Jingdezhen was at first famous for white porcelain, but by the addition of cobalt, a blue colored porcelain was also produced. It is thought that cobalt for blue colors was introduced from the Middle East, and blue and white porcelain was highly prized there. The Moslem world was the biggest Western market, and the porcelain reached there by sea routes since the Silk Road was closed off.
Meanwhile, the Yue celadon (the green porcelain of Zhejiang) continued to be a favorite also.
The Mongols defeated the Song Empire and created the Yuan Empire. They reopened Silk Road trade. The blue and white porcelain of Jingdezhen was further refined and continued to be a favorite porcelain in the empire, and it was exported as well. Jingdezhen was the imperial pottery center.
In the Ming Empire, Jingdezhen continued to be a production center for blue and white porcelain. But during this era, there was a technical innovation in that manganese was added to prevent cobalt from bleeding during furnace heating and so distorting the fine artwork. For this reason, the Jingdezhen Ming Dynasty blue and white porcelain is considered to be the pinnacle of beauty and exquisite artwork on this type of porcelain.
The Ming Dynasty rulers prefered Dehua porcelain of Fujian Province for ritualistic and religious uses. A dynastic law specified that idols and ritualistic objects used in shrines and temples should be made of white porcelain. The Ming people preferred the the distinctive warm ivory-white porcelain that the Dehua area produced. The ivory color is produced because the clay there contains a trace of iron.
Dehua is near Quanzhou that had long been a principal port, and the area’s seafaring merchants helped to bring Dehua porcelain to Europe where the French called it “blanc de Chine.” The white porcelain was popular in Europe as was the blue and white porcelain from Jingdezhen.
About the year 1603, some Dutch people captured Portuguese cargo ships bearing thousands of pieces of Ming porcelain. These were auctioned, and this ignited a porcelain mania in Europe. Pieces of porcelain were sold at such high prices that porcelain was known as “white gold.”
The Manchu conquest of the Ming Dynasty and continuing wars along the coast temporarily disrupted porcelain production and export. But Emperor Kangxi reorganized the production at Jingdezhen and the dynasty’s export trade. His court administration carefully supervised the imperial porcelain factory at Jingdezhen.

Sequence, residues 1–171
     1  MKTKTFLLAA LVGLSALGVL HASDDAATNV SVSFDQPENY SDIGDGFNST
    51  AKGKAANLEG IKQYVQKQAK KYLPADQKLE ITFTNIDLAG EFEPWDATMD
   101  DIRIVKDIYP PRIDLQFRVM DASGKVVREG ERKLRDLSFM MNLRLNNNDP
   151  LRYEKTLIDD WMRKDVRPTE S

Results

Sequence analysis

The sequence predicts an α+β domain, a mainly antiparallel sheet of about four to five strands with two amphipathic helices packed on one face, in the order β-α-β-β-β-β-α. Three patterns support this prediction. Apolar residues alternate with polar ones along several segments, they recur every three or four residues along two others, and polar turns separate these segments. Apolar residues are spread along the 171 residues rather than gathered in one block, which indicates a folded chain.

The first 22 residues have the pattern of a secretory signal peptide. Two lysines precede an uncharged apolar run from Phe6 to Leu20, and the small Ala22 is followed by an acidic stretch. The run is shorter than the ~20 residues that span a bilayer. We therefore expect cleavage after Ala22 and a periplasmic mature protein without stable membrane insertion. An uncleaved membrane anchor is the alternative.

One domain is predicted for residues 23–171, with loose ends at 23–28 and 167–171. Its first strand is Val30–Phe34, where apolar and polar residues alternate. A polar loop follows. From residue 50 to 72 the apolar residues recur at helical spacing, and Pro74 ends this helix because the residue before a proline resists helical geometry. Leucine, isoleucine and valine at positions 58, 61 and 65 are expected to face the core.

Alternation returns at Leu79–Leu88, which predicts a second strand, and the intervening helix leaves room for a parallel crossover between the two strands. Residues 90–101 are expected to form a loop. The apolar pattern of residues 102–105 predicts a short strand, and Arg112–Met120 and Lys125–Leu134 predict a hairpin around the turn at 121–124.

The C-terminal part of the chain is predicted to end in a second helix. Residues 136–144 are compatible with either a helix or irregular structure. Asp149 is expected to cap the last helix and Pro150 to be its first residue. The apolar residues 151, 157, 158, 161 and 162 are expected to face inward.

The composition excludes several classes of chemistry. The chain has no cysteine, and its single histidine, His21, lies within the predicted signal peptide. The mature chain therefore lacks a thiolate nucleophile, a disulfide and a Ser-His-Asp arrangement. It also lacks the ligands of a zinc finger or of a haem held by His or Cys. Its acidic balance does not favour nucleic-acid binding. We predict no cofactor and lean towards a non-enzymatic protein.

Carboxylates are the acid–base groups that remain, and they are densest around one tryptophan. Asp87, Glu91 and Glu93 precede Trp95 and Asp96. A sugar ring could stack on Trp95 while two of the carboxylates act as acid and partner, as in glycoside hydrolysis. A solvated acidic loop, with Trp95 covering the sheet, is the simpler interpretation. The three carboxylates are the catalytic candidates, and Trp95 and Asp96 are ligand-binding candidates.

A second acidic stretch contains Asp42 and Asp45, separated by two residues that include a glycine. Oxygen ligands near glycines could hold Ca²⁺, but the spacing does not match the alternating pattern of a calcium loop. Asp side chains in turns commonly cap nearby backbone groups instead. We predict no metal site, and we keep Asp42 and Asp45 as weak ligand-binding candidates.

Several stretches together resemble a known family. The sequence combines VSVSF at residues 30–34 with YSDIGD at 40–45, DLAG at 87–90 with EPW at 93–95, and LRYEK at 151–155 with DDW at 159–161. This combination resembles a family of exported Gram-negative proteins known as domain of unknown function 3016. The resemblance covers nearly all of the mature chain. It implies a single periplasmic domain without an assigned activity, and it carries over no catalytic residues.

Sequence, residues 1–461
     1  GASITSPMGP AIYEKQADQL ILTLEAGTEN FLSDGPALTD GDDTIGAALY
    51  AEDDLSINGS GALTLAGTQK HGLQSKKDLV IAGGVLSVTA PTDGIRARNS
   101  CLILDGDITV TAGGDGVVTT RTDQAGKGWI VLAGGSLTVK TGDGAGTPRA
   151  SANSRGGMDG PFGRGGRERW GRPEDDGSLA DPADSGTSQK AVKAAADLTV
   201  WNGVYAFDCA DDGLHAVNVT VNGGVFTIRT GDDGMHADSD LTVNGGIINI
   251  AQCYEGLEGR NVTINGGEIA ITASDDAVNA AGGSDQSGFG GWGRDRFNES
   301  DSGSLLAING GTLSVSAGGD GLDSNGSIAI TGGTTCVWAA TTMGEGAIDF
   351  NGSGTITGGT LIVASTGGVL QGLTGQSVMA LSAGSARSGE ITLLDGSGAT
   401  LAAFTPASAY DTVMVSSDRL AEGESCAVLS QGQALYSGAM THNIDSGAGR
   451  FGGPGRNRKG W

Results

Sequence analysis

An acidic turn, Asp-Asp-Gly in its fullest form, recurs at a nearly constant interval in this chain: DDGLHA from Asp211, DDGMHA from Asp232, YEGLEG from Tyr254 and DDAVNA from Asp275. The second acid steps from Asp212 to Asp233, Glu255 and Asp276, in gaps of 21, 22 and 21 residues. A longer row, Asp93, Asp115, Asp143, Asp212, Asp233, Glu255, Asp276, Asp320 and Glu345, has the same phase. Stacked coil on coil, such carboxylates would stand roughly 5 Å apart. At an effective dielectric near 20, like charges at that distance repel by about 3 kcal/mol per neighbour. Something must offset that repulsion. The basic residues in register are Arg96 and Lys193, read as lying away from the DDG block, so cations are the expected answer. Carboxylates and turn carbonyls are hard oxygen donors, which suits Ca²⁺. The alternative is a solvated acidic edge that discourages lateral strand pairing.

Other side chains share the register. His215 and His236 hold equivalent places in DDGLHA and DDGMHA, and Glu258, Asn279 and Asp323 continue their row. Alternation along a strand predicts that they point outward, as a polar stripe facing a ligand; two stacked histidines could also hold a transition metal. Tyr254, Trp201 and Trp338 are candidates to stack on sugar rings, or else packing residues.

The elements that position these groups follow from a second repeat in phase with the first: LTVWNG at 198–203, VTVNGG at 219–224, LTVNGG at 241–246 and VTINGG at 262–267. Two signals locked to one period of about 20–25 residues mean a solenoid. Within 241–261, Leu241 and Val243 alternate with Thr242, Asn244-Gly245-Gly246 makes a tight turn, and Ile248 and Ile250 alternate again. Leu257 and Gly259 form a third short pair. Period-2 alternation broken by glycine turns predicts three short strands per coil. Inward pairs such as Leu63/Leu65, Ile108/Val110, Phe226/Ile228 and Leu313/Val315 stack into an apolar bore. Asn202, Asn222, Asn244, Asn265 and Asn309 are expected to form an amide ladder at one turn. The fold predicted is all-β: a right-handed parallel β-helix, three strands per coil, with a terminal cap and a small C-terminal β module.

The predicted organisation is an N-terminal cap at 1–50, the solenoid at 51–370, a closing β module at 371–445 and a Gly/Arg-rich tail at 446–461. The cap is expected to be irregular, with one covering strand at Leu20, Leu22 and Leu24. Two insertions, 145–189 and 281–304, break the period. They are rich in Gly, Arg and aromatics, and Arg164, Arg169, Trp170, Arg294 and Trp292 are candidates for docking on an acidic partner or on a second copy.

During his reign, personalized or specially ordered porcelain art became popular in America and Europe. Rulers, rich people, and merchants sent portraits, designs, coats of arms, statues, and articles to the Qing merchants that they wanted reproduced. The finished articles were prized.
Chinese porcelain was highly prized in the West and in the Islamic World even after Europeans found out how to replicate it themselves in the 1700s. The artwork was exotic, the colors were bright and beautiful, the artistic pieces were durable and useful, and the pieces were comparatively inexpensive.
After the middle 1700s, the Europeans had learned to make good quality porcelain, but the porcelain of Jingdezhen was still appreciated for its high quality and relatively lower cost until the end of the Qing Dynasty and for a few years afterwards. In 1712, a Jesuit who visited Jingdezhen sent a letter that explained how to make it. This letter was widely read and aided porcelain production in Europe. However, Jingdezhen was a huge porcelain production center, and the price of labor was lower there than in Europe.
Eventually, the technology of porcelain production spread to other areas of East Asia. It is thought that Koreans first started to make porcelain ceramics during the time of the Song Dynasty (960–1279).
Porcelain production in Japan started later than that in China and Korea. It was not until the 17th century that Japanese made porcelain. Japanese artists developed their own style of porcelain emphasizing aesthetic qualities of a natural “organic earthy” feeling, simplicity, and austerity.